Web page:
Poor slaveholders were looked down on and did things such as getting female slaves just to breed them. They knew the slaves getting pregnant and having kids would enhance their wealth. Whether they were poor or wealthy, slaveholders were malicious towards the slave. Slaves were beaten, tortured and
her fifth letter talks of the same ideas. she says that the men either make the women slaves when god had created them to be companions or they use them for sex and pleasure. Also she talks how the men would steal their kids from her and how god did not give them this right. She argues to have the women stand together and fight for what is right. I believe that all of these letters prove that equality is necessary.
In Fredrick Douglass and Harriet Jacobs narrative they show how the institution of slavery dehumanizes an individual both physically and emotionally. In Jacobs narrative she talks about how women had it worse than men did in slavery. While men suffered, women had it worse due to sexual abuse. The emotional, physical, and sexual abuse was dehumanizing for anyone. The emotional and sexual abuse was awful for Jacobs.
These texts draw parallels to the current state of media; both use a common channel to express differing portrayals. Simms’s “Caloya” and Frederick Douglass’s Narrative both utilize the antagonists, Mingo in “Caloya” and slave owners in Narrative, however, “Caloya” focuses on Mingo’s race and supposed natural tendencies to represent black men as sex hungry, while Narrative focuses on slave owners’ abuse of power to gain sexual favors to represent white men as sexually crude. Through these representations, each author creates an underlying portrayal of slavery: Simms portrays slavery as a necessary system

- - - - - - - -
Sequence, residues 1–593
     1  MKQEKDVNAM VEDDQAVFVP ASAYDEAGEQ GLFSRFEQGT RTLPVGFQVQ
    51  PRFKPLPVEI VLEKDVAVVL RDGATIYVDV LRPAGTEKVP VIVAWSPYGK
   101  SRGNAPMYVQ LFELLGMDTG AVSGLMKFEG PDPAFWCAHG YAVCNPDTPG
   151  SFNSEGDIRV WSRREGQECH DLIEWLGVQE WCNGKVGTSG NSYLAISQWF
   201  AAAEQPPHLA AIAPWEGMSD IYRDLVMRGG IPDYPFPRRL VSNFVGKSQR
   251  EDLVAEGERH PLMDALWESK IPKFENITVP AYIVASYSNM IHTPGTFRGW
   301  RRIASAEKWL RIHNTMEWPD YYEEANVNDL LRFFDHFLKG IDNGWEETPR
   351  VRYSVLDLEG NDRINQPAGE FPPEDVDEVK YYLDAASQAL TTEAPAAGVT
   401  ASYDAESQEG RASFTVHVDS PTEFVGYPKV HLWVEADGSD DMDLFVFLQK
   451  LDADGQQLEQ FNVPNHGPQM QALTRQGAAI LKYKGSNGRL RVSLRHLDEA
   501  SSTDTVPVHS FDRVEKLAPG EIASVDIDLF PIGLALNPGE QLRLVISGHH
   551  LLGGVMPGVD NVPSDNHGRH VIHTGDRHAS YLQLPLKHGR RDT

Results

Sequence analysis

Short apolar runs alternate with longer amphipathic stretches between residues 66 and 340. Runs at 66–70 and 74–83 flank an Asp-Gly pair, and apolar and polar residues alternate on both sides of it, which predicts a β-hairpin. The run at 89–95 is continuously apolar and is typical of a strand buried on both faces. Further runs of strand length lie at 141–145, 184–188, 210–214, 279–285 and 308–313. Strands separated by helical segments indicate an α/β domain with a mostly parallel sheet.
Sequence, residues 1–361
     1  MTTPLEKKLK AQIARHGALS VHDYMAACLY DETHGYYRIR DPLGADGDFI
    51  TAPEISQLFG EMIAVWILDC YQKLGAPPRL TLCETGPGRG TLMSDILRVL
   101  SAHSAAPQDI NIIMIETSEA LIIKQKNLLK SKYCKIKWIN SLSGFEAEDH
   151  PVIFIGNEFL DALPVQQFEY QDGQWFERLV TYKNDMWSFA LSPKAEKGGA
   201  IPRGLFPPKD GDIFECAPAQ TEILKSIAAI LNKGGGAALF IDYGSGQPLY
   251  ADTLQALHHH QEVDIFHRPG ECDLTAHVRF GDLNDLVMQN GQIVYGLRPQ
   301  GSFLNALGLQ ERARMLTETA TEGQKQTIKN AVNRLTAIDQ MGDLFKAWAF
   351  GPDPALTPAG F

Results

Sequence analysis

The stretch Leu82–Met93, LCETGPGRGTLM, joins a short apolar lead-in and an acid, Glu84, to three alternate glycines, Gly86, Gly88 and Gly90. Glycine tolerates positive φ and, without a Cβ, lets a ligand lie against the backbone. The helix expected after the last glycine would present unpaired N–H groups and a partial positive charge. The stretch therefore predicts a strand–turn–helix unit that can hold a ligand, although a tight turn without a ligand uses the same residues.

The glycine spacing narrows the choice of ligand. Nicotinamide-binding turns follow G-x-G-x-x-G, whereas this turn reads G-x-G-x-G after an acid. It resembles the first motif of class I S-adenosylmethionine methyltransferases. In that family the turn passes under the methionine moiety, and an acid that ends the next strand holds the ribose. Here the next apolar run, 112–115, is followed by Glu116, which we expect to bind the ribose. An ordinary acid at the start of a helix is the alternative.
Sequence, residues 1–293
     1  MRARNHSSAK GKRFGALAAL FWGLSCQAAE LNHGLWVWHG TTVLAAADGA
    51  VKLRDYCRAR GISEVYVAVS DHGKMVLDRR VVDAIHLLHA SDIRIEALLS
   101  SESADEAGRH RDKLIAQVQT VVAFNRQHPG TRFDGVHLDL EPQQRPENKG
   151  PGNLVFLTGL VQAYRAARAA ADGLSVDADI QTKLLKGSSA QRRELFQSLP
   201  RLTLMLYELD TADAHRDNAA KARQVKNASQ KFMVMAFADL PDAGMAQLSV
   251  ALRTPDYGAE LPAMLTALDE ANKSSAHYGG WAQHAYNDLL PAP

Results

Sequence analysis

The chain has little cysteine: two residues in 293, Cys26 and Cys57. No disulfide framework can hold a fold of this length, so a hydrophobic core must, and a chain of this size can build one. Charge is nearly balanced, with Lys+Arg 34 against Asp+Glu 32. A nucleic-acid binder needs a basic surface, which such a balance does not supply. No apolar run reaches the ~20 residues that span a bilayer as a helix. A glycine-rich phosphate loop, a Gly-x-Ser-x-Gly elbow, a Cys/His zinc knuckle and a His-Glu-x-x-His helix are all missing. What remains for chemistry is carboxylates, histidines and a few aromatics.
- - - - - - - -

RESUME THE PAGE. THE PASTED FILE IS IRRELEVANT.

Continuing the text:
In Sexual Politics: African Americans, Gender, and the New Racism Patricia Hill Collins offers historical views that explain how the interconnectedness of race, gender and sexuality has influenced what she refers to as “sexual politics”. She analyzes how the ideologies of sexual politics have created a “new racism” which Collins gives extensive historical references that offer valid explanations of how enslavement and colonization of African Americans in the United States produced the legacy of racism that continues in this post-civil rights era. The racist ideologies established about people of African descent laid the foundation for capitalism that involved European hegemony for the control of natural resources around the world, in particular
Phillis Wheatley is another author in American literature who represent two traditions at ones- the black American literatury and the black woman's tradition. In her poems she was using sarcasm and irony as a tool to fight the moral of society and her anti- slavery stance became more powerful for free life. For example, on her poem" On Being Brought from Africa to America" she said " They color is a diabolic dye, Remember, Christians, Negroes, black as Cain, May be refined, and join the angelic train". She became well known for her origine as a slave and in the direct way she compare the color with diabolic dye to tell us the people do not mater from the colore they were living to enjoy the Anglican church and belive in the God. To put diabolic dye and join the church in the same train, she showed her intelligence in her writting and she added her attention to deliver her message.